Join Black Press Media and Do Some Good

Pay it Forward program supports local businesses in their community giving

The deer were allegedly shot within Princeton town limits, late at night. Black Press File Photo.
Armed man, in full camouflage, allegedly shoots deer in downtown Princeton

‘The list of charges goes on and on,’ said RCMP Sgt. Rob Hughes

100 Mile Conservation officer Joel Kline gingerly holds an injured but very much alive bald eagle after extracting him from a motorist’s minivan. (Photo submitted)
B.C. driver thought he retrieved a dead bald eagle – until it came to life in his backseat

The driver believed the bird to be dead and not unconscious as it turned out to be

Chastity Davis-Alphonse took the time to vote on Oct. 21. B.C’s general Election Day is Saturday, Oct. 24. (Chastity Davis-Alphonse Facebook photo)
B.C. reconciliation advocate encourages Indigenous women to vote in provincial election

Through the power of voice and education Chastity Davis-Alphonse is hopeful for change

White Rock RCMP Staff Sgt. Kale Pauls has released a report on mental health and policing in the city. (File photos)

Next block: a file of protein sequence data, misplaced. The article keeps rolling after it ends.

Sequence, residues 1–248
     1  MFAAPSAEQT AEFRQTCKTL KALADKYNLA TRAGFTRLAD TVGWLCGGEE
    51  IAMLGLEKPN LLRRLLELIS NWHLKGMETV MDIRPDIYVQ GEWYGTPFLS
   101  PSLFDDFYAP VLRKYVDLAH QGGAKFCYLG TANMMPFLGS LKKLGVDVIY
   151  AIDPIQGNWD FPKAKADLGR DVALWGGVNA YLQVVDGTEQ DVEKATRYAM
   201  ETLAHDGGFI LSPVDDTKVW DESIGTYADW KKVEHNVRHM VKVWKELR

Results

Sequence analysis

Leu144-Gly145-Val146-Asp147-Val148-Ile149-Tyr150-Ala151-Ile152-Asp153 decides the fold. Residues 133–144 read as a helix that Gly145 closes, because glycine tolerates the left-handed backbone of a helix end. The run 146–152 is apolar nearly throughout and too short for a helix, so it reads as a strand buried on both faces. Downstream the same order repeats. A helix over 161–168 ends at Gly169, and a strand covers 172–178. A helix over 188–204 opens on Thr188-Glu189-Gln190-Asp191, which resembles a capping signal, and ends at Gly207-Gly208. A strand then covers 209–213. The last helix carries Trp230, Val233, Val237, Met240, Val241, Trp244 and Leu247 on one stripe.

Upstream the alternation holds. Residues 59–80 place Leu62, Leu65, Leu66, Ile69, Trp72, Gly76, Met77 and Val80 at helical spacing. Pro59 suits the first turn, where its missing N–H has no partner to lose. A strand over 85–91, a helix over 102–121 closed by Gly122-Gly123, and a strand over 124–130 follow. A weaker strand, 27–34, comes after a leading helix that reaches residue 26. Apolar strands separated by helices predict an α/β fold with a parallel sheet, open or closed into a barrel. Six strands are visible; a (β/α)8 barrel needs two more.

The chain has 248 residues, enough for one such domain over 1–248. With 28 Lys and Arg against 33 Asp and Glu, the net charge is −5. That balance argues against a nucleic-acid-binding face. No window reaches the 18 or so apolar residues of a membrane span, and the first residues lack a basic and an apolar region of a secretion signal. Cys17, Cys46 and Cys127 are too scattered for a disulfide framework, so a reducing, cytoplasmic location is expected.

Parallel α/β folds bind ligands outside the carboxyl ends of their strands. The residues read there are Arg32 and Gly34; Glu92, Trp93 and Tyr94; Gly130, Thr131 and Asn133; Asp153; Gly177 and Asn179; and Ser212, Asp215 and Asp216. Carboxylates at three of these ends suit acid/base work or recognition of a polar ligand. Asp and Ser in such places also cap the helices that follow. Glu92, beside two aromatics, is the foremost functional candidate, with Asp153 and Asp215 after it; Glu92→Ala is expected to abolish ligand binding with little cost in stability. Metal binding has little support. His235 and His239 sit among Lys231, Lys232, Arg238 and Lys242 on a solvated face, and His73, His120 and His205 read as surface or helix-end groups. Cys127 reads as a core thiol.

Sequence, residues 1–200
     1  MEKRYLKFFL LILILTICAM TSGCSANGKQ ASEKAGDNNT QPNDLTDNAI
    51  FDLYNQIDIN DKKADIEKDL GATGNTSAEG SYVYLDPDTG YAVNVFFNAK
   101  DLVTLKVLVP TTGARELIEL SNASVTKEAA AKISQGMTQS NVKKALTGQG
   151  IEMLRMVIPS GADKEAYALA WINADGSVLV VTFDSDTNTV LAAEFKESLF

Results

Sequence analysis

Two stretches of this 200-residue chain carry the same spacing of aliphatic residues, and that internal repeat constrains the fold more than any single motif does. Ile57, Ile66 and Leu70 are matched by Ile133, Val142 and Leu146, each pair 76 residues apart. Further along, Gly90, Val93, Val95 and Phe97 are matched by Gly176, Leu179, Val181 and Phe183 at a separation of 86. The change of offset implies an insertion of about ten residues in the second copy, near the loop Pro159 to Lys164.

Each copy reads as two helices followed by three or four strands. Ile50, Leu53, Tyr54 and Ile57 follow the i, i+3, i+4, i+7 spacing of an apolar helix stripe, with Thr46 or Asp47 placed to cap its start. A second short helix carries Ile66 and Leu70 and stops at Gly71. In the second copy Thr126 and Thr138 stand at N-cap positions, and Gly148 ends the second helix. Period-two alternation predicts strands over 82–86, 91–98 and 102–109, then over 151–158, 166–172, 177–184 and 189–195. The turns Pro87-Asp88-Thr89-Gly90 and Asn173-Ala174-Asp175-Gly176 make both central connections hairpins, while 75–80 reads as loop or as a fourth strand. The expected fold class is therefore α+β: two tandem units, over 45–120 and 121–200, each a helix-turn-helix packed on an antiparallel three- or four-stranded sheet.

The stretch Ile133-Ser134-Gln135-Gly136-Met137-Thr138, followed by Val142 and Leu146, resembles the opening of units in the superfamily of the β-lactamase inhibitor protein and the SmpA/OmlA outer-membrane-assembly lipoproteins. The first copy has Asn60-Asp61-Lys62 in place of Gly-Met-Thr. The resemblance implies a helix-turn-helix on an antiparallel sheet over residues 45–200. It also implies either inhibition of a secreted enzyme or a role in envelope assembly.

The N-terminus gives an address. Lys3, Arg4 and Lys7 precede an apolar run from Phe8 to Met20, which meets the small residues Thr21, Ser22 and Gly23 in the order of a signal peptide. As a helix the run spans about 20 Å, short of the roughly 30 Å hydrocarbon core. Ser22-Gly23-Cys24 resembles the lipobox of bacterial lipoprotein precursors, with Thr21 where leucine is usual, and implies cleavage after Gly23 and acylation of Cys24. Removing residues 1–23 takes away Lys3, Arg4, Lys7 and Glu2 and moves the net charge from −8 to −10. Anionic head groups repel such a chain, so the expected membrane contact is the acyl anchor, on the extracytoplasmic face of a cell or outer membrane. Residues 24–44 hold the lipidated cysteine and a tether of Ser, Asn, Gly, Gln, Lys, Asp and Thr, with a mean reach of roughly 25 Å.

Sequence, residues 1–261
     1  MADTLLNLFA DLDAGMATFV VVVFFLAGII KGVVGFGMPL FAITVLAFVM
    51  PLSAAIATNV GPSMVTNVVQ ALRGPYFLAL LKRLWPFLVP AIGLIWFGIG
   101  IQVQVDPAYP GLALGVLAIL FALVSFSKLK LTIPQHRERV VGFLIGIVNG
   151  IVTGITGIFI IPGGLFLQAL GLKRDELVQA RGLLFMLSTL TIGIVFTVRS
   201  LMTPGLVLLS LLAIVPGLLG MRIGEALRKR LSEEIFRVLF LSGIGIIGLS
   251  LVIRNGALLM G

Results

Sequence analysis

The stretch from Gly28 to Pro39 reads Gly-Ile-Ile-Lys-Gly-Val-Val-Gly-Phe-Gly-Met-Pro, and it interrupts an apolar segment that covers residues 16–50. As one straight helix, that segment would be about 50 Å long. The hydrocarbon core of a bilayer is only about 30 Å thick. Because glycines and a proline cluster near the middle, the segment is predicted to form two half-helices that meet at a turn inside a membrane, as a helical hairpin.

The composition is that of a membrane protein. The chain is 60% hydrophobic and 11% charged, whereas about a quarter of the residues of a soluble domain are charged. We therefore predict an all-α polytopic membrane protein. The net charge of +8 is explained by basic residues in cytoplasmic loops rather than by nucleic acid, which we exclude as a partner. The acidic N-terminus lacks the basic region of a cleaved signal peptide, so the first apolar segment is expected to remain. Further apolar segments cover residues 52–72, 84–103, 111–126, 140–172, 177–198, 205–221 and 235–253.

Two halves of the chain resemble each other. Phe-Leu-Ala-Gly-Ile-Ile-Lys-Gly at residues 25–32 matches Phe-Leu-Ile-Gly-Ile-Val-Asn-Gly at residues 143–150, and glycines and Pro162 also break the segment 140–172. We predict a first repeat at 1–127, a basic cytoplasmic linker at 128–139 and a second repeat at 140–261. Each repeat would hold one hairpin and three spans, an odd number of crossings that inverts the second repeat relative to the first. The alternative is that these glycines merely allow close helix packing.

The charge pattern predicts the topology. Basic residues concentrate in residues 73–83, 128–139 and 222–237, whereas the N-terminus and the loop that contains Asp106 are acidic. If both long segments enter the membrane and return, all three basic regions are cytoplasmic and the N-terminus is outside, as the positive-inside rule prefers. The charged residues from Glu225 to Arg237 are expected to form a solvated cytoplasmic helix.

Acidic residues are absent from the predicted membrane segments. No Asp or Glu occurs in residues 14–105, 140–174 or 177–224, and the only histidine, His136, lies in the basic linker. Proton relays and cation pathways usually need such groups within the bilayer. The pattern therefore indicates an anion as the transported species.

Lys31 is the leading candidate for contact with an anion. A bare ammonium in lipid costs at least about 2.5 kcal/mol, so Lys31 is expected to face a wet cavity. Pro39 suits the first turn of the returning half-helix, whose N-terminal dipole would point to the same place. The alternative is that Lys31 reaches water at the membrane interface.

White Rock’s top cop wants to bill local health authority for lengthy mental-health calls

‘Suggestion’ included in nine-page review calling for ‘robust’ support for healthcare-led response

A Le Chateau retail store is shown in Montreal on Wednesday July 13, 2016. Le Chateau Inc. says it is seeking court protection from creditors under the Companies’ Creditors Arrangement Act to allow it to liquidate its assets and wind down its operations.THE CANADIAN PRESS/Ryan Remiorz
Clothing retailer Le Chateau plans to close its doors, files for CCAA protection

Le Chateau said it intends to remain fully operational as it liquidates its 123 stores

The Independent Investigations Office of BC (IIO)
Police watchdog clears Kelowna RCMP in connection to man’s death

The man died following a single vehicle crash on Highway 97 in June

RCMP. (Phil McLachlan - Black Press Media)
UPDATE: Collision cleared, Highway 33 at Idabel Lake reopens

The Kelowna RCMP are urging drivers to stay away from the area

Most Read